The judgement

Tim Smart makes public his judgement today. Smart was sent in by NHS Improvement, on the back of the findings of the Mazars review, of failing CQC inspections stacking up since 2013. Of clear warnings about safety issues flagged up as far back as 2011. Sent in on the back of (and only because of) the actions of people who have campaigned relentlessly, stepped up and refused to accept typical NHS (public sector) whitewash/cover up.

This has been an almighty battle. It too often is when the NHS fails. With the enduring culture one of deny, bat aside, ignore, obstruct, deny further, smear and obliteration. We have a series of NHS scandals (followed by reviews, well meaning but ultimately empty recommendations and rhetoric) to draw on. So much evidence. So little action.

The Sloven story, like any story, has many versions. The focus and attention of the post apocalyptic reviews conducted by Tim Smart, the improvement director (forgotten his name… Clive summat?) and the independent consultants brought in to review governance will all use different (but I suspect similar) lenses. None of them have engaged with families.

After a late, late night worrying about what is to unfold I’m left thinking If the people who died weren’t learning disabled or didn’t have mental health issues, none of this would have happened. If it had, to non disabled people, the CEO and board would have left Sloven pastures long ago.

A simple and damning as.

9 thoughts on “The judgement

  1. The last lines say it all and that’s why it’s so terrible. All though people’s lives their voices were less and their very existence not as important or just about tolerated. In death the same view of a lesser person, a lesser soul
    Rest in Peace you are not forgotten or lost unimportant souls. You are going to see Justice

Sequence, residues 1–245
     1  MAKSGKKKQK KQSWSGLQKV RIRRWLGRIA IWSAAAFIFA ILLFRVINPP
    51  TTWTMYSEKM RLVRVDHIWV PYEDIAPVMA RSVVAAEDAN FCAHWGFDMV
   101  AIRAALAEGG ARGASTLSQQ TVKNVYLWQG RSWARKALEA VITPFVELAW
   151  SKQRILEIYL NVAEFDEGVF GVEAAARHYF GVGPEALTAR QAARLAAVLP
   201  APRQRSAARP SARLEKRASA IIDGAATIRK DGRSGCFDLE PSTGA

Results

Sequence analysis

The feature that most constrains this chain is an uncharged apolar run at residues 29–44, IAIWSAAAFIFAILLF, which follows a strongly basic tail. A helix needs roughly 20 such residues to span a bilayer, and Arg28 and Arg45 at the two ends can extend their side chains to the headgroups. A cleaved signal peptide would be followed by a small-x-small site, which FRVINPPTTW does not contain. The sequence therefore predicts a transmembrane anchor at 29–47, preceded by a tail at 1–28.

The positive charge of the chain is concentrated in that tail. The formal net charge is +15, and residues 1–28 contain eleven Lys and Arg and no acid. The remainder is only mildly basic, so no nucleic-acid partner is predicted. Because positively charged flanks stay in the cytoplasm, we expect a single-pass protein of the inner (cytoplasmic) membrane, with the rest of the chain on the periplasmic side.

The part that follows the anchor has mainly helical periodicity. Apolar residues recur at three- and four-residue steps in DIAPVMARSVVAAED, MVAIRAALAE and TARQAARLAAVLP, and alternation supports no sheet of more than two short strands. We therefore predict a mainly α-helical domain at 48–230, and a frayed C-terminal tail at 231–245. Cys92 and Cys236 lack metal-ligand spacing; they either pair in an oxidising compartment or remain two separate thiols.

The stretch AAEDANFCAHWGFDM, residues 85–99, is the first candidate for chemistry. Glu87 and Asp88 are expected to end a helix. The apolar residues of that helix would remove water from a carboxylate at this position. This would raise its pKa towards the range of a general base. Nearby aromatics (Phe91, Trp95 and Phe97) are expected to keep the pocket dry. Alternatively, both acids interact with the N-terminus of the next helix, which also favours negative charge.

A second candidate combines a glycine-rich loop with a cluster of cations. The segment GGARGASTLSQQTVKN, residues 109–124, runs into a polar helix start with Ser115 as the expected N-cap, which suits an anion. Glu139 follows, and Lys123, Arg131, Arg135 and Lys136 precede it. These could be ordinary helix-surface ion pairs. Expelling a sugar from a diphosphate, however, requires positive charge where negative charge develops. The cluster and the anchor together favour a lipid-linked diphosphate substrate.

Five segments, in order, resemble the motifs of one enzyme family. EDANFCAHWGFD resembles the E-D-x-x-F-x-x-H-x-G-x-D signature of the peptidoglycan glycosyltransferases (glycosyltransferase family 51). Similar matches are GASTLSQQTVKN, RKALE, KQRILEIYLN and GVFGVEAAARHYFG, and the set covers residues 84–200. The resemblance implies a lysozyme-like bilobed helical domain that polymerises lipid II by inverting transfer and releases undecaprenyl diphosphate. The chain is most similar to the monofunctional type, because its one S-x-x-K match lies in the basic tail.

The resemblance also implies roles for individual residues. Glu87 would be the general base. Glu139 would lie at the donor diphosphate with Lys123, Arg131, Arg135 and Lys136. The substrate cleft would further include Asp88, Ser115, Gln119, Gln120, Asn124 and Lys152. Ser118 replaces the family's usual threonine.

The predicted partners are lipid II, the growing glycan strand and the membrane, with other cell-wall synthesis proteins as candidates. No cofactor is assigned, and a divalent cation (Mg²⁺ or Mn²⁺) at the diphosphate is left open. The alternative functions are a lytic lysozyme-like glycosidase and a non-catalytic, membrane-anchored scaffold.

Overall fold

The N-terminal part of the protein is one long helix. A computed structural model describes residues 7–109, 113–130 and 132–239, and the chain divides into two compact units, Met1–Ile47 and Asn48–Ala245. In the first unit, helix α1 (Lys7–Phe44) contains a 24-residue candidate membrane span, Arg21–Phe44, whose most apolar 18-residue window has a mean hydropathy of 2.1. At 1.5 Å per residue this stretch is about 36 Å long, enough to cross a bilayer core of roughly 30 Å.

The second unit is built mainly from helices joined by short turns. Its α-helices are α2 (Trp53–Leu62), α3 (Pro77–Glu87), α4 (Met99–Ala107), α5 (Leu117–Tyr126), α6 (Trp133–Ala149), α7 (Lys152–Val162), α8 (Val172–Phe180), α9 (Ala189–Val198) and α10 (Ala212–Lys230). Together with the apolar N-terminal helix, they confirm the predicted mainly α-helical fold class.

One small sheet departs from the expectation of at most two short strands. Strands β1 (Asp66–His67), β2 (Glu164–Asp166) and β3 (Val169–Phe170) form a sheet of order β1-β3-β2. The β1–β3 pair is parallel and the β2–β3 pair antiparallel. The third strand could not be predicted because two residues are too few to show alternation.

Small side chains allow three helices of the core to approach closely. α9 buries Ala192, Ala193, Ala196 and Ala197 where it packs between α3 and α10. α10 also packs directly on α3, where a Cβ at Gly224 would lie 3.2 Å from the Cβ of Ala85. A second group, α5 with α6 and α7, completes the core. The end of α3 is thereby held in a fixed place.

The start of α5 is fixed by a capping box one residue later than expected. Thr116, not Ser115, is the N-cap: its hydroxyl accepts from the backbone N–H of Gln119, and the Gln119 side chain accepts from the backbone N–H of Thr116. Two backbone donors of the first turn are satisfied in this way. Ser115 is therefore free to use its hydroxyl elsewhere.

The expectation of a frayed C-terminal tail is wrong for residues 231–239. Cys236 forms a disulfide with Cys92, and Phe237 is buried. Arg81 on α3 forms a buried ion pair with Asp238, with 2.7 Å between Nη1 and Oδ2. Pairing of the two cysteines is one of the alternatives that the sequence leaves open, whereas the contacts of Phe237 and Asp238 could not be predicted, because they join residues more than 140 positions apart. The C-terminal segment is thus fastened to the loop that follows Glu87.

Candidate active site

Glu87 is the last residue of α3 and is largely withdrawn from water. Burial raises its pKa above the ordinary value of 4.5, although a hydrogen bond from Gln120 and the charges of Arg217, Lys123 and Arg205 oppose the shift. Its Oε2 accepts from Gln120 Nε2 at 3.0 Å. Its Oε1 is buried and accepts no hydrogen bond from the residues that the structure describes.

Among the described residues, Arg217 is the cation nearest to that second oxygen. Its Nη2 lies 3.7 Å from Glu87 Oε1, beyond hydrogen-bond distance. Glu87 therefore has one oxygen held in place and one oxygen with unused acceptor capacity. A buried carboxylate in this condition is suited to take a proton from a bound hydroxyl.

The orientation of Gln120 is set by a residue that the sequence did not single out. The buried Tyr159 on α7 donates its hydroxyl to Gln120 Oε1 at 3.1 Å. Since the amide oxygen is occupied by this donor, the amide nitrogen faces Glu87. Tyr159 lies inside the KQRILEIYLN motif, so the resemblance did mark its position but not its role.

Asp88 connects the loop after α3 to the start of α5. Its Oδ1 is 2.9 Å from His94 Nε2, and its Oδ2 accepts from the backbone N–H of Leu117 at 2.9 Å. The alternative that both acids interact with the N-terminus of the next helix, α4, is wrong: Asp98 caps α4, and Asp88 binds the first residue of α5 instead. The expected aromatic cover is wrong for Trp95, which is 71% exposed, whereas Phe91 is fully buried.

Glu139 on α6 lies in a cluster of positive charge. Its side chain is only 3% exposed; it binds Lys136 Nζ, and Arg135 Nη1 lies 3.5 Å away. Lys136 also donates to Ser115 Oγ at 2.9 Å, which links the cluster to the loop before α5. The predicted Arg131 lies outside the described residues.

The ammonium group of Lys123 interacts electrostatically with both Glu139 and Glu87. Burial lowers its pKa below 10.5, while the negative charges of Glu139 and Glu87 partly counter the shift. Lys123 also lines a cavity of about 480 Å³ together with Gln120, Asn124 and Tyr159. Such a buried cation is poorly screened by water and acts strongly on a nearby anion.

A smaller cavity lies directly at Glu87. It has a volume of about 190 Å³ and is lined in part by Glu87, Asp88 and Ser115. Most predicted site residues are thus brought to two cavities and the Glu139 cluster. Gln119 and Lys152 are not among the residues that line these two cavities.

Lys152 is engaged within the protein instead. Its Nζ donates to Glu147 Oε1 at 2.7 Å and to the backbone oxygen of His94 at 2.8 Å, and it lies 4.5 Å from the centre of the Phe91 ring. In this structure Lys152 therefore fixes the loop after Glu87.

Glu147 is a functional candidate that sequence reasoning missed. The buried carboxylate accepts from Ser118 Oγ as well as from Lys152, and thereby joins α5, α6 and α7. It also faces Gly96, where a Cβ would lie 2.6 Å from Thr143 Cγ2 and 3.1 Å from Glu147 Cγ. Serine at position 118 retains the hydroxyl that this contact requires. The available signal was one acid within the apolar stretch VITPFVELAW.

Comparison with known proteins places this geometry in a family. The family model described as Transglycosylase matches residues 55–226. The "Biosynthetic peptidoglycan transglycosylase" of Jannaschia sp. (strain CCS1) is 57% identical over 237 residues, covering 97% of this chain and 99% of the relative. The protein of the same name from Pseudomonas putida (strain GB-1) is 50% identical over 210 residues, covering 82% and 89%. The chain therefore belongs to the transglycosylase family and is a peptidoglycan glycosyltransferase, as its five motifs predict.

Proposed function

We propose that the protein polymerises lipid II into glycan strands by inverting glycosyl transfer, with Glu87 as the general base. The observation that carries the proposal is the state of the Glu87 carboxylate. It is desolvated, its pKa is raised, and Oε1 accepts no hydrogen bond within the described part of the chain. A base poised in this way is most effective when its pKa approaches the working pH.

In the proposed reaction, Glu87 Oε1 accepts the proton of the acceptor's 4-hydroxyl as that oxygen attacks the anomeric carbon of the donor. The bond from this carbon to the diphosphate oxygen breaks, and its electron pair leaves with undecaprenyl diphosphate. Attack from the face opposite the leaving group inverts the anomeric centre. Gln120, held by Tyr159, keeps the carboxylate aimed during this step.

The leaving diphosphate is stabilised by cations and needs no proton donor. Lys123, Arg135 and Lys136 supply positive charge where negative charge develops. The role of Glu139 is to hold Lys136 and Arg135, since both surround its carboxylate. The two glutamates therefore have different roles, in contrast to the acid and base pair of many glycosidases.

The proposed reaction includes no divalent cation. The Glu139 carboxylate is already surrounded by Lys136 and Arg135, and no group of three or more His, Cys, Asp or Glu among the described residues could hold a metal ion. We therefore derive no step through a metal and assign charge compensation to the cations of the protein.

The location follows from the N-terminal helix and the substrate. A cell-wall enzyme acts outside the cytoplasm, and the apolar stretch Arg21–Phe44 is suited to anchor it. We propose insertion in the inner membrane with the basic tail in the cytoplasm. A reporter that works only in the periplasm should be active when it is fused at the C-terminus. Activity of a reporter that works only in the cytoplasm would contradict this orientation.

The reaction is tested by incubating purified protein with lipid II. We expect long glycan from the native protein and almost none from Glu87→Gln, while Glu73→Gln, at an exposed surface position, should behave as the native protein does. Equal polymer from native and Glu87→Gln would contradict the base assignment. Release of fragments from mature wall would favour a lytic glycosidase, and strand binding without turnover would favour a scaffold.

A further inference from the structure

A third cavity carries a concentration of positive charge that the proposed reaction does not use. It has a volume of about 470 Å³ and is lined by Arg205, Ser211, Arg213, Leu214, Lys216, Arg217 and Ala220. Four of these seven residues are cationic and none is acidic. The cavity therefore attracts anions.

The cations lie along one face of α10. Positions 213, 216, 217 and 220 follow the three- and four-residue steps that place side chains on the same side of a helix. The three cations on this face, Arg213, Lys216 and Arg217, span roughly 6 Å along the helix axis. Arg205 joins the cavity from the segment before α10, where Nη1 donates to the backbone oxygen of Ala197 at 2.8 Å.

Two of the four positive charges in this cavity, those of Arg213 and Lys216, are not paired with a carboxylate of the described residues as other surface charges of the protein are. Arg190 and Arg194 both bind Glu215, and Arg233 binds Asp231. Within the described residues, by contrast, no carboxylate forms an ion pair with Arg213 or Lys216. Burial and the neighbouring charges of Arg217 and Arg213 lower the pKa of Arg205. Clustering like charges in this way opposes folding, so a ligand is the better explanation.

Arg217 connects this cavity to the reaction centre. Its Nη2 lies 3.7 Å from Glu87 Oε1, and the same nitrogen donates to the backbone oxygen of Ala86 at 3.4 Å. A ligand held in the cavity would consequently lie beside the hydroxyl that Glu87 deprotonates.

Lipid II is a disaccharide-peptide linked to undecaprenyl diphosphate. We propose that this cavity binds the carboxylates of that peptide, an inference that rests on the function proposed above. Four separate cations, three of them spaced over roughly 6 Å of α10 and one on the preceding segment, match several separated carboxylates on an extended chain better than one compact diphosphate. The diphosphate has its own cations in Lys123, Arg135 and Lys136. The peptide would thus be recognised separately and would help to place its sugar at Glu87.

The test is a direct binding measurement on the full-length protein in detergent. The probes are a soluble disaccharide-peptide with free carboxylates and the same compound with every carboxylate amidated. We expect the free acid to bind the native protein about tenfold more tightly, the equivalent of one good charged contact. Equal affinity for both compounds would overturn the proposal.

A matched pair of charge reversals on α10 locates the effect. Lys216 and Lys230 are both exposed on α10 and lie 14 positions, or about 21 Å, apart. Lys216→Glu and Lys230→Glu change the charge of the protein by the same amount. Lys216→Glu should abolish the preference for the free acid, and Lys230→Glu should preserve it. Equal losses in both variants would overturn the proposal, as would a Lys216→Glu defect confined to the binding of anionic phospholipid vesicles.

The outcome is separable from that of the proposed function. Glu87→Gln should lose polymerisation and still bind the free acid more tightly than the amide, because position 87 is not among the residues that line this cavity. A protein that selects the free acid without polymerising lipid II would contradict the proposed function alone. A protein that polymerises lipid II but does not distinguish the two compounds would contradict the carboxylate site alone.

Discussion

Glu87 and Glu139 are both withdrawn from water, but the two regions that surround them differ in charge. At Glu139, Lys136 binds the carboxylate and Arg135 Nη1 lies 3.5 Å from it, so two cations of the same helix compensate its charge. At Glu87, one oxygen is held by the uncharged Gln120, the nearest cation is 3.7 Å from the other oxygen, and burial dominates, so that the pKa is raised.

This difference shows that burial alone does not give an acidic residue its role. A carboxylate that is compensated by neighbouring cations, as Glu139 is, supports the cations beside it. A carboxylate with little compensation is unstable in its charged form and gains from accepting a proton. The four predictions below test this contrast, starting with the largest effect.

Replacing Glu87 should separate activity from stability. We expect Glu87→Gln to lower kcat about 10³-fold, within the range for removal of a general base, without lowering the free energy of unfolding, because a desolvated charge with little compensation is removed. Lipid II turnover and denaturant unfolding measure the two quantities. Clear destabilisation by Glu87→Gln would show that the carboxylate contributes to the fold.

2. exactly so , lesser lives lesser deaths. When a person of the right sort dies unexpectedly you are asked whether it is a good time to talk, frequent contact is made touching on the death of your loved one, decency and timeliness. Scrutiny of their death to establish fact, as the norm, as you imagine it would be for anyone until you experience the rubber stamping of a lesser life. The CEO and Board must go, people need to be safe in the essential services the Trust provides.

  3. It is such a damning insight into the culture of the people tasked to look after and care for our loved ones who have mental health issues or have a learning disability.

    Do they imagine that people who cannot articulate properly how they feel or why they are sad, angry or anxious are lesser human beings? Obviously they do. If not, why were there no investigations into all the deaths of disabled/mental health patients who died in their failing care? How can it be that an hospital management can almost treat these people like hospital waste. Thrown away and no questions asked.

  4. If anyone saw BBC south lunchtime news, it was me looking (my wife tells me) very scruffy ‘chasing’ Alistair Burt up the road with a camera – that was my disguise. He knew me immediately and we ended up being filmed shaking hands and agreeing to meet me personally. He’s on the record with both crews – BBC South and BBC HQ. It should be on BBC South Today at 6.30 this evening – or afterwards on I-player. It you know the outcome – its a stitch up – directors all keep their jobs. Too angry to write more or to put anything on my blog!
    Oh! There should be an announcement on Sloven’s web site soon.

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